WASHINGTON – Invoking the name of Edward M. Kennedy, Democrats united Saturday night to push historic health care legislation past a key Senate hurdle over the opposition of Republicans eager to inflict a punishing defeat on President Barack Obama. There was not a vote to spare.
The 60-39 vote cleared the way for a bruising, full-scale debate beginning after Thanksgiving on the legislation, which is designed to extend coverage to roughly 31 million who lack it, crack down on insurance company practices that deny or dilute benefits and curtail the growth of spending on medical care nationally.
The spectator galleries were full for the unusual Saturday night showdown, and applause broke out briefly when the vote was announced. In a measure of the significance of the moment, senators sat quietly in their seats, standing only when they were called upon to vote.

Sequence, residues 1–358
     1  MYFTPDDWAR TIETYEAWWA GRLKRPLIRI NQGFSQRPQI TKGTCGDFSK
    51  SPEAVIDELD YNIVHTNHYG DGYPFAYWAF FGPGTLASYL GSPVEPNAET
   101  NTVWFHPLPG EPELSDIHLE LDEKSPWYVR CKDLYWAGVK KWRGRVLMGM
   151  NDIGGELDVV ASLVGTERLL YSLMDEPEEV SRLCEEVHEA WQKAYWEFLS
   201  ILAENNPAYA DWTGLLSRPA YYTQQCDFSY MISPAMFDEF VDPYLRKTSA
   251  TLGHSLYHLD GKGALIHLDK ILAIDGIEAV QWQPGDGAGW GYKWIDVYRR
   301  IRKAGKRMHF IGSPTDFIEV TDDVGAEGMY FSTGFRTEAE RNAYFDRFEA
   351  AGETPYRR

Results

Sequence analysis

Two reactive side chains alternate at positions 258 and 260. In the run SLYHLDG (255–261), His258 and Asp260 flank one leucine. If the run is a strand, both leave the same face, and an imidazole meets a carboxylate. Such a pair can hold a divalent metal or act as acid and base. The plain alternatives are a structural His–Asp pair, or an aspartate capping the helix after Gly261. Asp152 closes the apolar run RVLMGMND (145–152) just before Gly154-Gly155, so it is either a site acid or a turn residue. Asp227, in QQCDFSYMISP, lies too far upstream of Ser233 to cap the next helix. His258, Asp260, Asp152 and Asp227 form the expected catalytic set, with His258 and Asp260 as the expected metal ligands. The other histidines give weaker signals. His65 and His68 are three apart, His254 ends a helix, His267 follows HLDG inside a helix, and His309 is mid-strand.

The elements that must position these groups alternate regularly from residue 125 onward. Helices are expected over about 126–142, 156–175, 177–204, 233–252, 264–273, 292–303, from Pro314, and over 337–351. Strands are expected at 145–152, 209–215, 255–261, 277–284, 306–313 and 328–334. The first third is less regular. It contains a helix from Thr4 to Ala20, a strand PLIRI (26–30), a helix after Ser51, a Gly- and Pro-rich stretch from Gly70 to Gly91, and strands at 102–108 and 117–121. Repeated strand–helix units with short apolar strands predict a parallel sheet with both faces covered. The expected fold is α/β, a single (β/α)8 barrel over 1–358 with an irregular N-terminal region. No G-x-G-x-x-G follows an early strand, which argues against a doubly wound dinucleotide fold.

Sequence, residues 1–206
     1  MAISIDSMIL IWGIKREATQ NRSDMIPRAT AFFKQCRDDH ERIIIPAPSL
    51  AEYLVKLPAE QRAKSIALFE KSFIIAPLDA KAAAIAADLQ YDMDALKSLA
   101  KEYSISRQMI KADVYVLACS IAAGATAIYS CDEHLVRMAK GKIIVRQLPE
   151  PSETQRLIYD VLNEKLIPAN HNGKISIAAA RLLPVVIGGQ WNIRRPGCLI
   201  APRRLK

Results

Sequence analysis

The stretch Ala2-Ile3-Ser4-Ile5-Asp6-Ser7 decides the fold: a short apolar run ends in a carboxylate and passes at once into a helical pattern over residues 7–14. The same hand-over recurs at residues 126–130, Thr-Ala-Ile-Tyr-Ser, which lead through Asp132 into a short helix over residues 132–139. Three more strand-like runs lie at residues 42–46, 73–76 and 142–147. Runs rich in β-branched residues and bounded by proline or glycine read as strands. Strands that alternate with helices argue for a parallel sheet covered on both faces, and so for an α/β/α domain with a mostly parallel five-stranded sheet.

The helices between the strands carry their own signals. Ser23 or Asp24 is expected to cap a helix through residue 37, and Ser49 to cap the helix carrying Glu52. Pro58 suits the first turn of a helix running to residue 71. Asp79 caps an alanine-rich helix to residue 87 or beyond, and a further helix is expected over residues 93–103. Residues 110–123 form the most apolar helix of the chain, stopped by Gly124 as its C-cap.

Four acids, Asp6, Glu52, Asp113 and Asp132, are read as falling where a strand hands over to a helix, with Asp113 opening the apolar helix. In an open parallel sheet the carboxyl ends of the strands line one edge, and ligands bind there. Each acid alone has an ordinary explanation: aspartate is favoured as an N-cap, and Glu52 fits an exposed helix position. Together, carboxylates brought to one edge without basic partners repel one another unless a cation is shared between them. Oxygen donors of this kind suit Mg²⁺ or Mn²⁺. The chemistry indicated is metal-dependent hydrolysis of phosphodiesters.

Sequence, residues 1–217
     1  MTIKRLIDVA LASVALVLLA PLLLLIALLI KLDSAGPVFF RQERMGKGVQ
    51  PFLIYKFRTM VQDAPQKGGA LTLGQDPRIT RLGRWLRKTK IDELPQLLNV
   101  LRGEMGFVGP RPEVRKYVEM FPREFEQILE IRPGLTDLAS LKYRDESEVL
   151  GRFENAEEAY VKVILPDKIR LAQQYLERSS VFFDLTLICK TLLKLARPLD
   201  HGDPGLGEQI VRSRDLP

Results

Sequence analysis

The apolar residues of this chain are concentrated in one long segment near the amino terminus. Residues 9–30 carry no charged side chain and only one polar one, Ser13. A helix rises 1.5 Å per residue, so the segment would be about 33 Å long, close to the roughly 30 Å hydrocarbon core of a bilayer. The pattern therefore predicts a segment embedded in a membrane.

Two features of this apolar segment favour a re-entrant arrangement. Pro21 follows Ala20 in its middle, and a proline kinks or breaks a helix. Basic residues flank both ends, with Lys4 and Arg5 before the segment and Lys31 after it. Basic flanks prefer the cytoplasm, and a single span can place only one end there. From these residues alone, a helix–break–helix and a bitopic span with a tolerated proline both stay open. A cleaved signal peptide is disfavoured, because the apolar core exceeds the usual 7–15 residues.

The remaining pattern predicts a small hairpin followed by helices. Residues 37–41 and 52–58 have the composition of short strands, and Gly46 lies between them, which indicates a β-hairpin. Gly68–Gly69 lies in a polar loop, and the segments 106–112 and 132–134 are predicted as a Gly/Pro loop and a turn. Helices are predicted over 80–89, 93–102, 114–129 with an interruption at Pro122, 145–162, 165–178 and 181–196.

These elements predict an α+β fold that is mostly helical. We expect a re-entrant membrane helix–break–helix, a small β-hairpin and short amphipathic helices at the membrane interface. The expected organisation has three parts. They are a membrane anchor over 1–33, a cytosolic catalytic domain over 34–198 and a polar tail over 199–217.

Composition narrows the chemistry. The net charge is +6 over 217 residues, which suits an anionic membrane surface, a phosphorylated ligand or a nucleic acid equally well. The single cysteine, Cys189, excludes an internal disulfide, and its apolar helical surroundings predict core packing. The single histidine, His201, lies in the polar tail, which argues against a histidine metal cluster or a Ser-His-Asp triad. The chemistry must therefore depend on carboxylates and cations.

Republican Sen. George Voinovich of Ohio missed the vote.
In the final minutes of a daylong debate, Majority Leader Harry Reid, D-Nev., accused Republicans of trying to stifle a debate the nation needed.
"Imagine if, instead of debating whether to abolish slavery, instead of debating whether giving women and minorities the right to vote, those who disagreed had muted discussion and killed any vote," he said.
The Republican leader, Sen. Mitch McConnell of Kentucky, said the vote was anything but procedural — casting it as a referendum on the bill itself, which he said would raise taxes, cut Medicare and create a "massive and unsustainable debt."